Asian PIC group at the 2014 WFPICCS Congress in Istanbul
by Professor Sunit C. Singhi
Pediatric Intensive Care in India started in early 90s, almost simultaneously at 4 centres in north, south and West by individual efforts. The pioneering Institutions were PGIMER, Chandigarh (Dr Sunit Singhi ), Sir Ganga Ram Hospital, Delhi (Dr K Chugh), Hinduja Hospital, Mumbai (Dr. Soonu Udani) and Child Trust Hospital, Chennai, (Dr Suchitra Ranjit). The pioneers were trained and worked abroad and returned to India to set up PICUs. Soon the specialty became popular with the pediatricians and in 1996 there were already 21 centres offering pediatric Intensive Care. Various mile stones in the growth of PIC are shown in table 1. The number grew steadily as shown in table 2 and table 3. In 2004 the number of Intensive Care units in the country had passed one hundred. During the early period many of worked with Limited Gadgets and equipment and tried to have indigenous manufactured equipment.
Indian made oxymeters used by us in 1990s
Multipara monitors in use in 1990s
PICU at PGI MER, Chandigarh, 1996-97
The tremendous growth in Pediatric Intensive Care had a lot to with continuous emphasis on training programs. Indian Academy Pediatrics (IAP) was quick in realising the importance of critical care training. IAP introduced Pediatric Advanced Life Support courses early nineties with help of our friends from the USA, especially Dr N Janakiraman. In 1995 a formal IAP-PALS courses were launched with me at the first national convener of the course. By the Year 2000 we had conducted almost 200 courses and had trained more than 7000 pediatricians.
First batch of PALS instructors trained in India, PGIMER, Chandigarh, 1995
A formal Pediatric Intensive Care group was formed within Indian Academy of Pediatrics in 1994 under the convener ship Dr K. Chugh. Subsequently it became IAP Intensive Care chapter under my chairmanship in the Year 1998. A Pediatrics section also started within Indian Society of Critical Care medicine with Dr Pravin Khilnani as the first chair. Formation of the professional bodies gave tremendous impetus to the growth of the speciality as shown in table 4. We had first National Conference of Pediatric Intensive Care in Nagpur under leadership Dr Satish Deopujari in the year 1999. It was followed next year at Chandigarh. Since then the conference is held every year with a galaxy of a speakers from India and abroad in the faculty discussing frontiers of the PIC. Even 26/11 terrorist attack of Mumbai did not dilute the resolve to hold the Conference in Mumbai on the same dates. An important and very popular part of the Conferences has been the Workshops helping with skill development, which are often attended by delegates from neighbouring Asian countries.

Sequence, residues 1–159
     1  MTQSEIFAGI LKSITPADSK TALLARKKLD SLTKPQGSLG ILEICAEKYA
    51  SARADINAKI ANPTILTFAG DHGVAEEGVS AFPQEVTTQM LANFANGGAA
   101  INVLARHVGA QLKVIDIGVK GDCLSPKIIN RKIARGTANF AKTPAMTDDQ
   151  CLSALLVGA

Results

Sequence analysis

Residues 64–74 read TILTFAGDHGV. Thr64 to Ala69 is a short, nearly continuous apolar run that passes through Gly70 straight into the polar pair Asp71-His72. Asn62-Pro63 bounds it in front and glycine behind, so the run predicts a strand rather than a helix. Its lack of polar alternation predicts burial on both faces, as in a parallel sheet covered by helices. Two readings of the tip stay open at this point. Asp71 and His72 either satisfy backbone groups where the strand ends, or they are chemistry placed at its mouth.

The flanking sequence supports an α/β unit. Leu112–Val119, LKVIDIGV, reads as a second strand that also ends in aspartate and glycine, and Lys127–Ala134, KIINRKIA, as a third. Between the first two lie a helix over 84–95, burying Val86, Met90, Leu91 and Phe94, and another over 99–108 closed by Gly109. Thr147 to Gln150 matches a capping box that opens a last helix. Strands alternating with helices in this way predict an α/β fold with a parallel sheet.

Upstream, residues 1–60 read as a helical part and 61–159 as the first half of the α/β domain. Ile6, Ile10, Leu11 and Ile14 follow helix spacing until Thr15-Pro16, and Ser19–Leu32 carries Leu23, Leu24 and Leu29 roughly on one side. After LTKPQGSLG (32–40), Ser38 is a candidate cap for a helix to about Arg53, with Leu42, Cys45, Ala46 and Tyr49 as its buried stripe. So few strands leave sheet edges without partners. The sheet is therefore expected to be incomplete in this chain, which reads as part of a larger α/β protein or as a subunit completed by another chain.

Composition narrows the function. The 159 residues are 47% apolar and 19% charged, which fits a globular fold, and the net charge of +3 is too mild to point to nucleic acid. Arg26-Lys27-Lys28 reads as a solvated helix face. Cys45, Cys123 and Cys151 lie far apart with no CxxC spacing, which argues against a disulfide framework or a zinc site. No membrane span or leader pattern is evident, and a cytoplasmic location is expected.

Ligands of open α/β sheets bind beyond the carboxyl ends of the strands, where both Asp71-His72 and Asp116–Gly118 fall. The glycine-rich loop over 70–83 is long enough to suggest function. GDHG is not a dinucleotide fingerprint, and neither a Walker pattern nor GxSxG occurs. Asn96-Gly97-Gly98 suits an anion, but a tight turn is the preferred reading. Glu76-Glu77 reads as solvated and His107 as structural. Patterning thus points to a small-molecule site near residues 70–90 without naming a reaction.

Unfazed by 26-11 Terrorist attack faculty for the National Conference 26 Nov 2008
From National to International conference was not a long journey. In 2007, we organised an International Advanced Course in PIC and in 2009, First Asian Congress of Ped Intensive Care at Chandigarh. The later was attended by delegates from 21 countries and regional leaders from Asia, and the faculty included giants of Ped Intensive care such as Prof Geoff Barker, Dr Patrick Kochanek, Dr. Niranjan Kissoon, Dr Andrew Argent, Dr D Bohn and many others.
International CME & Advanced Course 2007
The teaching through short course by various Institutions created a demand for more organised formal training. In the Year 2000, 5 of us set together, me, Dr. Chugh, Dr Udani, Dr Ranjit, Dr Khilnani and decided to form a Pediatric Critical Care Council with the aim to develop a 1 years course under the aegis of Indian Academy of Pediatrics and Indian Society of Critical Care medicine, and accredit teachers and infrastructure for such a training. We sat for full two days, year after year to plan the end-of -training examination These endeavours of developing teaching program, end of the training evaluation and certification of training were tremendously supported by our friends from USA especially Drs. Ashok Sarnaik, Mohan Mysore, and Shekhar Venkatraman, and Dr Marraro from Italy. They and many other friends returned year after year on their own expenses to help us grow.